Those who have read Jon Krakauer's book Into the Wild or watched the 2007 Sean Penn’s movie by the same name, should be able to recollect Christopher McCandless. His story is well known. McCandless was a 24-year-old American hiker, who abandoned his safe suburban upbringing, donated $24,000 in savings to charity and ventured into the Alaskan wilderness in April 1992 with little food and equipment, hoping to live simply for a time in solitude. Almost four months later, a group of moose hunters discovered McCandless's starved remains inside an abandoned bus which he had used as shelter during the last few days of his life. Today, the Fairbanks City Transit System Bus 142, also known as the “Magic Bus”, located just outside the northern boundary of Denali National Park, in Alaska, is a site of pilgrimage for hundreds of tourists who follow in the idealist's trail.
A photograph of Christopher McCandless recovered from his camera.
Christopher McCandless was born in California, and was raised in Virginia, a suburb of Washington, D.C. His father was employed as an antenna specialist for NASA, while his mother worked as a secretary at Hughes Aircraft and later assisted her husband with his successful home-based consulting company. Shortly after graduation, McCandless gave the remaining money from his education fund to charity and quietly left home to begin his adventures. In April 1992, McCandless hiked some 20 miles down the Stampede Trail, a muddy hiking trail located in the Denali Borough, in Alaska, and after crossing two rivers, came upon an old bus left there in the 60s by a construction company. He started using the bus as a hunting shelter and began to live off the land. His supplies were minimal - 4.5 kilograms of rice, a Remington semi-automatic rifle with 400 rounds of ammunition, some books and some camping equipment. He poached porcupines, squirrels, and birds, such as ptarmigans and Canada geese. At one point, McCandless tried to return but found himself trapped on the wrong side of the Teklanika river that was in full spate from summer meltwater. Making a crossing was out of the question.
McCandless lived in the bus for a total of 113 days. When he was found, he was starved to death, weighing just 30 kilos. Most believe he died of starvation. Some insist he died from eating toxic plants he misrecognized. What everyone agrees is McCandless’ death was preventable. He was woefully ill-equipped and inexperienced to handle everything nature threw at him, and many consider his actions stupid and his death tragic, amounting to suicide. McCandless’ story has raised many question and caused different debates on safety in the wild and what not to do.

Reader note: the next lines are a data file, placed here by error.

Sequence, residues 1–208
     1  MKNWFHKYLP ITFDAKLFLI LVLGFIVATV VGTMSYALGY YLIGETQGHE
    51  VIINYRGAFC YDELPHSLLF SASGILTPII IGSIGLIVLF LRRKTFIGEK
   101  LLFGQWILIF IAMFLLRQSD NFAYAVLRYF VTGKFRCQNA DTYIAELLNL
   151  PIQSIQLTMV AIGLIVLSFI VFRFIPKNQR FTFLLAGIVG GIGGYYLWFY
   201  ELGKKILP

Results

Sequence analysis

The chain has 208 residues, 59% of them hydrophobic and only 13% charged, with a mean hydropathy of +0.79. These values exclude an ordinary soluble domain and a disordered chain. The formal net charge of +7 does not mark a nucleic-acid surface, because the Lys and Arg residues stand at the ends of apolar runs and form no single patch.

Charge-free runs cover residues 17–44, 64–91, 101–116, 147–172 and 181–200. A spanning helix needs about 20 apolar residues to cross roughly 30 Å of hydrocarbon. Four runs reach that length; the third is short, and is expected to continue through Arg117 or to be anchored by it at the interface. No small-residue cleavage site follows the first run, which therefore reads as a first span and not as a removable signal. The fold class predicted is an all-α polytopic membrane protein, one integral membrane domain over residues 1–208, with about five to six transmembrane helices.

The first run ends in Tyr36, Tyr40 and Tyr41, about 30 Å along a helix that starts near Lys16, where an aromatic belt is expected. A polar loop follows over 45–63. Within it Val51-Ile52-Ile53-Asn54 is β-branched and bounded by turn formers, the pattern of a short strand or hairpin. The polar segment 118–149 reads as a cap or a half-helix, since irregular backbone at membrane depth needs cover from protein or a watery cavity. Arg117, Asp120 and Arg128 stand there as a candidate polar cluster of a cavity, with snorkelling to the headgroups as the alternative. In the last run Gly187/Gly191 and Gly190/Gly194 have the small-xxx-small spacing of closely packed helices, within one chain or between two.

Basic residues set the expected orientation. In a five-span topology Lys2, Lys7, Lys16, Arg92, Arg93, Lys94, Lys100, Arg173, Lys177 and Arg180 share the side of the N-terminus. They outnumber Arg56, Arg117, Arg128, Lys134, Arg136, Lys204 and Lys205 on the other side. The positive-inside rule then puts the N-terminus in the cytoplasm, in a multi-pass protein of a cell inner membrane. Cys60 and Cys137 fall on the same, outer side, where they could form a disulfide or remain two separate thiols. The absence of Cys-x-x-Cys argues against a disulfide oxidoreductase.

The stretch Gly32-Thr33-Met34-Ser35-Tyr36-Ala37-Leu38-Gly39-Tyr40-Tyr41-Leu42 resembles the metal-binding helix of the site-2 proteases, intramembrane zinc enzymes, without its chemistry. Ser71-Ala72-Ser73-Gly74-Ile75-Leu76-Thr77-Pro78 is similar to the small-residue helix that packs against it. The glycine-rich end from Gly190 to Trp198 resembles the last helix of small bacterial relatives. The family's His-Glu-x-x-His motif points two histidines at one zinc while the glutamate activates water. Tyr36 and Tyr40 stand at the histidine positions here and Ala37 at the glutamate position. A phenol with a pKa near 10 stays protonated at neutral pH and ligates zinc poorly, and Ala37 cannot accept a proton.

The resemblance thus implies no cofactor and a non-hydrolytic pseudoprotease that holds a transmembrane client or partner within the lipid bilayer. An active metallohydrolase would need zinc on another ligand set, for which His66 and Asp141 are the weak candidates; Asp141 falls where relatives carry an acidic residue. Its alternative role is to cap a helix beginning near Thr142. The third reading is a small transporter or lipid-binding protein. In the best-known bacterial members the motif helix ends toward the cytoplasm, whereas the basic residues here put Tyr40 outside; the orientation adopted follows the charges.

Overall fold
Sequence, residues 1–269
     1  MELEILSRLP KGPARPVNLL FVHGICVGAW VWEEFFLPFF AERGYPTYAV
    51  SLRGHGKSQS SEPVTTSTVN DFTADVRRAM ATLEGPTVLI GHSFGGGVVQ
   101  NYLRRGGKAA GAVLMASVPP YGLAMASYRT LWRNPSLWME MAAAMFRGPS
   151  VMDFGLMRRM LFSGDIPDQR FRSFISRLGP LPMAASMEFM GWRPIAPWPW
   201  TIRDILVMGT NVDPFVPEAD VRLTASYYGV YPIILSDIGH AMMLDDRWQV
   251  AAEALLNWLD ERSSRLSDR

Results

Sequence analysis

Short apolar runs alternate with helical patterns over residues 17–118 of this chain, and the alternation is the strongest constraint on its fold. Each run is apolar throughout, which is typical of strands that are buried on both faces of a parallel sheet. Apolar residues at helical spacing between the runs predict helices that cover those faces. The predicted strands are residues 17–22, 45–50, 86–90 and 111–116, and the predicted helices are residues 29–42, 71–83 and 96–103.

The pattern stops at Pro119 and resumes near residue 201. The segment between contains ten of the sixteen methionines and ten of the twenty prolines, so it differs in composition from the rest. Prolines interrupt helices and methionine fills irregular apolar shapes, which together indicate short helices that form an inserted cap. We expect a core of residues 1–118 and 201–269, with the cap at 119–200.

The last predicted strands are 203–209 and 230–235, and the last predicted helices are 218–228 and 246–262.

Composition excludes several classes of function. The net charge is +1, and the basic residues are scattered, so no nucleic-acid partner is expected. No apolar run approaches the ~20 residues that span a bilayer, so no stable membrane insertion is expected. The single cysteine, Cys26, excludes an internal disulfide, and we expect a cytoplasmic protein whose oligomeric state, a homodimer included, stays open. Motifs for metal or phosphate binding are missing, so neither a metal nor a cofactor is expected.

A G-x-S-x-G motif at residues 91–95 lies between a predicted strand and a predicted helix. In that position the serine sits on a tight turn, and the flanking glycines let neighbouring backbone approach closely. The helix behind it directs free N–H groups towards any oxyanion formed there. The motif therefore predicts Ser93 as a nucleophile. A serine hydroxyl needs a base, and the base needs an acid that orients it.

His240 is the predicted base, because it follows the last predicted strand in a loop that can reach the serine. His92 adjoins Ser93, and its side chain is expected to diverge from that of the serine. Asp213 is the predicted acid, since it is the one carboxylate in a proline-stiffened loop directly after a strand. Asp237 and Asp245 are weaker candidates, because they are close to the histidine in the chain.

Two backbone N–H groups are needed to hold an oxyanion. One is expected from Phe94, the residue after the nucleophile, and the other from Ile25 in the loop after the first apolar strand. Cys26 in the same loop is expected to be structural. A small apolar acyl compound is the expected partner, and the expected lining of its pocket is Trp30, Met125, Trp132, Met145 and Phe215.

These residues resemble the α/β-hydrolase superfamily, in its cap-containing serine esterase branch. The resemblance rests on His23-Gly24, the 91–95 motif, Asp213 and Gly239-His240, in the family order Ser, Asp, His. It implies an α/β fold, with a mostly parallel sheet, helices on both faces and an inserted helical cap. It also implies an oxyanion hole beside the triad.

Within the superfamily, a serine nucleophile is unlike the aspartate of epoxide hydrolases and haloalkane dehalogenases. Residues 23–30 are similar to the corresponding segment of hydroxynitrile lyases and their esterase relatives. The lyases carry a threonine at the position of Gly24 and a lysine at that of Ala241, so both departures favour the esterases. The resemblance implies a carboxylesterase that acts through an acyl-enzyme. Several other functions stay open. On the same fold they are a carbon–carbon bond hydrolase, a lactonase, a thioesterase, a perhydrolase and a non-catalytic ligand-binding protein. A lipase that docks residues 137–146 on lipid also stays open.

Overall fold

Christopher McCandless Plaque on the bus. Photo credit
After the 2007 movie Into the Wild, the “Magic Bus” – as McCandless called it in his diary – became a major attraction drawing hundreds of tourists each year. The strange attraction and fascination with McCandless has become a cause of concern for park authorities, as the path leading to the bus is fraught with peril. Last year a dozen pilgrims needed to be rescued by park authorities and state troopers, and a few years ago, a Swiss tourist drowned in the river. Even worse, some attempt to follow his footsteps camping next to the bus and depriving themselves of food. A quick Internet search shows that many enthusiast consider taking the trip seriously, just like McCandless did. Web forums and blogs offer advice how to cross the the Teklanika River, many of which are dangerous.
Many believe the bus should be removed because it is “beacon of stupidity”, although it could be gone before the park authorities act. For the last 20 years the bus has been slowly ripped to its skeletons by tourist taking away a piece of the bus as token. Someone took the steering wheel a few years ago, then the dashboard. Its windows are all gone, and the bus is showing signs it may rust into oblivion.
“I don’t think, with the current condition of the bus, and the amount of people who go there and take a piece of it with them, it will last very long,” said Kris Fister, spokeswoman for Denali National Park and Preserve.
A tourist reenacting McCandless’ famous pose. Photo credit
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